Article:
File Photo: A farmer sprays a chemical fertilizer on a wheat field in southern France. AFP
Moscow has complained its grain and fertilizer exports continue to face issues over sanctions imposed after its invasion of Ukraine, despite two agreements signed on July 22 that call for a lifting of agriculture-related sanctions while granting safe passage to Ukrainian grain exports.
"The UN is pursuing all efforts to allow for a positive outcome on Russian ammonia exports to international markets," said Grynspan, the secretary-general of the UN Conference on Trade and Development (UNCTAD).
According to the Istanbul-based Joint Coordination Centre, 129 ships carrying over 2.8 million tonnes of grain have left Ukrainian ports since the Turkey and UN-brokered agreement was signed in July.
Those exports have led to a drop in grain prices and alleviated fears of a global food crisis due to the war between Russia and Ukraine, both major producers of the world's grain supply.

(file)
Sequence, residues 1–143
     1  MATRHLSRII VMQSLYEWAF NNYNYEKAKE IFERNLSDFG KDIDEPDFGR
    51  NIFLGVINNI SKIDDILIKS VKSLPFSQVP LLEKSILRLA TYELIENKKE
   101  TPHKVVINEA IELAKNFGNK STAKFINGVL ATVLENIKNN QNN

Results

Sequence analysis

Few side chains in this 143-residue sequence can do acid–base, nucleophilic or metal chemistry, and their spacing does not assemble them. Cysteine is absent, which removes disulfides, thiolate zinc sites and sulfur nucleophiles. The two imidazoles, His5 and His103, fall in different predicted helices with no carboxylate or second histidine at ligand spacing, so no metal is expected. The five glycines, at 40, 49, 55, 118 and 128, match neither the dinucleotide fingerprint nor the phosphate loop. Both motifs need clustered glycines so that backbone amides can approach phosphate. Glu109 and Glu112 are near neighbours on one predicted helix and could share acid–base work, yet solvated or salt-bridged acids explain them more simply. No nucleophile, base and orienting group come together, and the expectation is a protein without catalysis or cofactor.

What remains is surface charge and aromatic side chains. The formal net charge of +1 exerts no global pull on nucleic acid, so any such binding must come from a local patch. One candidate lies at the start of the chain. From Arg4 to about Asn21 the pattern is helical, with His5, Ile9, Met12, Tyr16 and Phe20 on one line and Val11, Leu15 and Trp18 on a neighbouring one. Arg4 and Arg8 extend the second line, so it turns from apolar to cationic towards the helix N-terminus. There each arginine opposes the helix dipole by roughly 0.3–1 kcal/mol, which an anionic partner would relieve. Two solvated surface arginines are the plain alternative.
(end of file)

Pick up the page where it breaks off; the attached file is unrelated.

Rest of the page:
But Russia has said its own exports of grain and fertilizer continue to be stymied by Western sanctions not directly targeting agricultural products.
"We will continue to try to find a solution precisely to this problem," Grynspan told a video press conference, adding that "exports have been going out from Russian ports."
Grynspan said progress had been made thanks to "clarifications" by the United States and the European Union.
The July 22 agreement on Russian shipments, released publicly for the first time on Monday, facilitates the exports of foodstuffs, fertilizers and raw products used to manufacture fertilizers, in particular ammonia.
Ammonia is produced by combining nitrogen from the air with hydrogen derived from natural gas.
Several European fertilizer manufacturers have stopped producing ammonia because of soaring gas prices.
Though Russians have increasingly criticized the agreement, Joint Coordination Centre head Amir Abdulla said he saw "no clear sign" that Moscow would withdraw from the deal before the end of the 120-day deadline.